Ryan Braun liked his order of pink Mother's Day bats so much that he had them shipped back to the factory to have a new black finish applied so he could keep using them.
"There was something about those bats," Braun told the Milwaukee Journal Sentinel. "All the guys were saying it, even in the batting cage. They just felt right. They felt harder and the ball sounded louder coming off them."
You couldn't question the decision after the Brewers' left fielder hit two home runs using one.
Cabrera on top of triple play from the beginning: When Asdrubal Cabrera caught Lyle Overbay's line drive on Monday night with the Blue Jays' runners in motion, he knew he had the opportunity to do something special.
"As soon as they took off, and it was a line drive, I knew I had a chance for the triple play," Cabrera told the Cleveland Plain Dealer through interpreter Luis Rivera.
And that's just what he did by stepping on second base to double off Kevin Mench and then tagging Marco Scutaro as he approached second base. It was the first unassisted triple play for the Indians since 1920.
"It's a special feeling," said Cabrera. "It's even more special knowing how long it was since our last one."
Berkman not thinking, but certainly hitting: In the middle of one of the best streaks of his career, Lance Berkman was named the National League Player of the Week on Monday.
During the week of May 5-11, Berkman hit .682 (15-for-22) with three home runs and five RBIs while scoring 10 runs. The first baseman slugged 1.136 and had a .741 on-base percentage. At one point during the week, Berkman became just the third player since 1957 to have 16 hits over a 20 at-bat span and joined Albert Pujols as the only players in 50 years to have 19 hits over 25 at-bats.
"It's not that [the ball] looks any bigger or easier [to hit]," Berkman, who stretched his hitting streak to 12 games on Tuesday night, told the Houston Chronicle. "I just feel like mechanically I'm in a good spot. I'm not really having to think about my swing when I go up to the plate. I'm just kind of seeing the ball and reacting to it."
Martinez working on hamstring rehab: Pedro Martinez will ratchet up his rehab from a strained left hamstring as he is expected to throw in an extended spring training game on Wednesday, the New York Daily News reported. The outing is the first of an every-five-days program of throwing the Mets would like him to follow. Martinez is hopeful that this is the first step toward rejoining his teammates on the Mets.
"I'm not that kind of person that gets depressed, but it's frustrating [considering] how hard I worked," Martinez said. "My arm is feeling great. My arm really hasn't given me any problems and now a hamstring. A hamstring, out of all cases, a hamstring?! Go figure."
Millar finds baseball in his living room, too: Kevin Millar is a baseball junky -- to the point where he's not close to done with baseball for the day when he finishes up at the ballpark every night.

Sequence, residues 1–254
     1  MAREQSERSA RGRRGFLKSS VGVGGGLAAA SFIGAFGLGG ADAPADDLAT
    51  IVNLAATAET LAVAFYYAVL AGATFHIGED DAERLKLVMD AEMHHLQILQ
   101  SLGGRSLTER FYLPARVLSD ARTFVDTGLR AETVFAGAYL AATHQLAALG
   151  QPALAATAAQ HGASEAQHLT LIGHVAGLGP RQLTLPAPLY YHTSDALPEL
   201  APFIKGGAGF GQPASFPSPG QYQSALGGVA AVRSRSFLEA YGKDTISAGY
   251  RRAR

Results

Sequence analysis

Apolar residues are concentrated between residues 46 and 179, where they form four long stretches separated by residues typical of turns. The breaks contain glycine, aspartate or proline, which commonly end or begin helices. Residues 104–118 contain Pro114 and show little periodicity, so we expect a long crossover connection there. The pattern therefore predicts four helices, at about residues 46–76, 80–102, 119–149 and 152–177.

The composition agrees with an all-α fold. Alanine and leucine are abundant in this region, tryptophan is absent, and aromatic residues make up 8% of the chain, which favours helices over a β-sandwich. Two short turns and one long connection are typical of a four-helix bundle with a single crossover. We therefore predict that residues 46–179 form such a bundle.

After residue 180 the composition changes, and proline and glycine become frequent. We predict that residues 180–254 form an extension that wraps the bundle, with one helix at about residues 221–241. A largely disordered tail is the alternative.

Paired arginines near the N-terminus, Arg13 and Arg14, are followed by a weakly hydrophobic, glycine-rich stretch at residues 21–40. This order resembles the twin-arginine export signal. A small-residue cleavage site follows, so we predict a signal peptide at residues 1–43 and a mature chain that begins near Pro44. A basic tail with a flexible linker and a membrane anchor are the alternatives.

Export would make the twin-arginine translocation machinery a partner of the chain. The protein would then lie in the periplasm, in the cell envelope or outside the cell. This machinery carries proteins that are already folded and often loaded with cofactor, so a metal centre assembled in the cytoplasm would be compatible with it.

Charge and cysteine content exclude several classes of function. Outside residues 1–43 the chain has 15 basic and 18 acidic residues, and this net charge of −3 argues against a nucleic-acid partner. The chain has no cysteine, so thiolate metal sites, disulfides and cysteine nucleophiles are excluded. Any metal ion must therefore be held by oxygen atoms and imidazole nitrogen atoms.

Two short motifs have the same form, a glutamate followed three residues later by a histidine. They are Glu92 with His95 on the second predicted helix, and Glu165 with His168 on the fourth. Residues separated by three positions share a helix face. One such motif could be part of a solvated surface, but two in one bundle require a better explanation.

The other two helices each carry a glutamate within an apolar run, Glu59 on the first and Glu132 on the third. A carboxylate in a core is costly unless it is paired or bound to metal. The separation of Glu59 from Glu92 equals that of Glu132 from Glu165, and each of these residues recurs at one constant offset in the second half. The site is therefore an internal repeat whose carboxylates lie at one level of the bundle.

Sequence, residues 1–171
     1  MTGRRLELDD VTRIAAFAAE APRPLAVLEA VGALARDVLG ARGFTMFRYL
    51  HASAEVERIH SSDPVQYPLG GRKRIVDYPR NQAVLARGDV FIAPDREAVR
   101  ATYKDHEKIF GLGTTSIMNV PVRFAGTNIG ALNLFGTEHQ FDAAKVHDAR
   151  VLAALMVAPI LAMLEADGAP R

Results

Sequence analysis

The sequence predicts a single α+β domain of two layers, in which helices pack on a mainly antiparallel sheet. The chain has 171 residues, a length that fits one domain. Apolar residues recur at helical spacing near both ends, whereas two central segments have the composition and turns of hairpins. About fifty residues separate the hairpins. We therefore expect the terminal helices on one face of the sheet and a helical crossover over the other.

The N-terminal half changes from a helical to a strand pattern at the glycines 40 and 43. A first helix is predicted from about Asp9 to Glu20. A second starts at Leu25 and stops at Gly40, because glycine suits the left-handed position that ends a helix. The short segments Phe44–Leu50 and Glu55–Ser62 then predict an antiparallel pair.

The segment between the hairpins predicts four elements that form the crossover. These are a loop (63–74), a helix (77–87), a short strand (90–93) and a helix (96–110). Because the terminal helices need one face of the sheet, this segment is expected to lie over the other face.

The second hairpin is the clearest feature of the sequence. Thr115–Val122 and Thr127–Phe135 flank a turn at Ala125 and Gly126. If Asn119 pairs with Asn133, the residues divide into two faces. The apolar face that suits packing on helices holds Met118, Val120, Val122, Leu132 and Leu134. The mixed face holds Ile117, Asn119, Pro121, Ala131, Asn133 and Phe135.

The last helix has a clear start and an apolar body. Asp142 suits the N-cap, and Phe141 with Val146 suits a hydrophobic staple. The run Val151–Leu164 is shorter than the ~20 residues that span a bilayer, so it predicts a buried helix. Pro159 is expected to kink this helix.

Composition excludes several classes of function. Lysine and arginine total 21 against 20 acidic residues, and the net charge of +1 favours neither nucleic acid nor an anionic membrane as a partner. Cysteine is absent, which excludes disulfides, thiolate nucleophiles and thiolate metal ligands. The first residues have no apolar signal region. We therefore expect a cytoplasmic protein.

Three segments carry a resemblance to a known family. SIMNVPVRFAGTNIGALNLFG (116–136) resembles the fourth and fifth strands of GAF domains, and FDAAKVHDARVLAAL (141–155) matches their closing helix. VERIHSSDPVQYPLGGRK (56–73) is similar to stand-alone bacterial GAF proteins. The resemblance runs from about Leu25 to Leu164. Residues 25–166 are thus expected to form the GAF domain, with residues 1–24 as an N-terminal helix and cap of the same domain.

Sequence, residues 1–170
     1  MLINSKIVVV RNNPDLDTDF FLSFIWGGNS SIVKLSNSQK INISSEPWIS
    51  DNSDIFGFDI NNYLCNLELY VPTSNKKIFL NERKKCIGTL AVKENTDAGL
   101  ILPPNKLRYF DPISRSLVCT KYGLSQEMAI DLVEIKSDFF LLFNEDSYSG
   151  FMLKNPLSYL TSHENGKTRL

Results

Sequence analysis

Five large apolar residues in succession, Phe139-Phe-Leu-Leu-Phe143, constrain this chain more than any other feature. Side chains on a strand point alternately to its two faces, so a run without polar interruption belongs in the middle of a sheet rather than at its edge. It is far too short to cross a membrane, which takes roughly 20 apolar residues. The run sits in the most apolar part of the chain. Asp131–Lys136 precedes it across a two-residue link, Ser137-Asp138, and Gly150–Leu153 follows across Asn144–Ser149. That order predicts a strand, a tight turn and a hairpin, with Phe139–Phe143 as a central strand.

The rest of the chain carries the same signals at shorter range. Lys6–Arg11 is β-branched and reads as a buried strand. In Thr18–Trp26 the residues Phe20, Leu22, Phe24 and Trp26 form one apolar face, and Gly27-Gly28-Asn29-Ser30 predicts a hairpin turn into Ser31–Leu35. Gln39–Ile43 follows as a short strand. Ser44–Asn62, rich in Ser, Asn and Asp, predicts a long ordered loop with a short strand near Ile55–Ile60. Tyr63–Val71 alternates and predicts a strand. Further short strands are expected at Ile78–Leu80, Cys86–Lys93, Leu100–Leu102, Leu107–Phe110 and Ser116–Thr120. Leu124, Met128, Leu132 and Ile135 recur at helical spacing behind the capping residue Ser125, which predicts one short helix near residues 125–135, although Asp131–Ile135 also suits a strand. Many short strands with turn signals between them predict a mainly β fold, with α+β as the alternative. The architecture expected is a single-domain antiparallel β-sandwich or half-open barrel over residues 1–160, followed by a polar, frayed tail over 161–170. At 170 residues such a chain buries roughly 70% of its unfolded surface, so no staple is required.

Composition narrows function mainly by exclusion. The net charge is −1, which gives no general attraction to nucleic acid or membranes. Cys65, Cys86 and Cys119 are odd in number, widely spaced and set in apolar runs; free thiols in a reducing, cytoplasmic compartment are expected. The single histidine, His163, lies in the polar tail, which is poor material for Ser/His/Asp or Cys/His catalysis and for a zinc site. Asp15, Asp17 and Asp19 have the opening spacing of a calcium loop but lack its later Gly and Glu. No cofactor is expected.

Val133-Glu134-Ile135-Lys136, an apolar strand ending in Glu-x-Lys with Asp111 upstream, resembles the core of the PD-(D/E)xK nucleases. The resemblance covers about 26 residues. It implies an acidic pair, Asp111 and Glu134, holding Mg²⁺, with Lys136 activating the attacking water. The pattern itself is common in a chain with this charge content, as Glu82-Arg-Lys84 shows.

"Some guys, when they leave this field, they're done. I'm a baseball junky," Millar told MLB.com. "When I get home, it's Baseball Tonight, SportsCenter or any game I can catch. I have the Major League package, so I'll go home and watch the end of the East Coast games and the beginning of the West Coast games. I enjoy that. It's like an escape from your situation."
A flip-flop pending, Santana could face Yankees: When the Mets face the crosstown rival Yankees on Friday, Johan Santana could be on the mound for the Mets.
Manager Willie Randolph and general manager Omar Minaya, however, were mulling the option of moving Mike Pelfrey into Santana's scheduled start on Thursday against the Nationals and saving Santana for the Yankees.
"We're considering it," Minaya told Newsday.
"We're not going to get all flip-floppy," Randolph said. "[But] an extra day won't hurt him. We always guard against watching his pitch count anyway, so it won't hurt him to get the extra day. That's good, actually -- if you can do it or choose to do it."
Youkilis walks away with weekly honor: Thanks to the popular book Moneyball that made him the face of the sabermetric player, Kevin Youkilis was tagged with the reputation of being a player who walked a lot.
But he's also proven to be among the game's better hitters since reaching the Majors with the Red Sox in 2004, and on Monday was named the American League Player of the Week after hitting .375 with three doubles, five home runs and 10 RBIs in seven games.
"That was the biggest thing, 'He walks a lot,'" Youkilis told the Boston Herald about his reputation.
Hey, kids, learn from Utley's swing: When it comes to having a nearly perfect swing, those in the know in Philadelphia say that second baseman Chase Utley is the closest thing you're going to find.
"At times he can put close to what you'd call a perfect swing on the ball," Phillies manager Charlie Manuel told the Philadelphia Daily News. "It's good balance, rhythm, load, and at the same time getting a ball that you'd like to hit. And just -- very slight -- underneath the center of the ball. He's a very stylish hitter. He's a good guy to talk about because, if you watch him day in and day out and look at him from a mechanics standpoint, he would be a tremendous guy to use as a demonstration for young kids."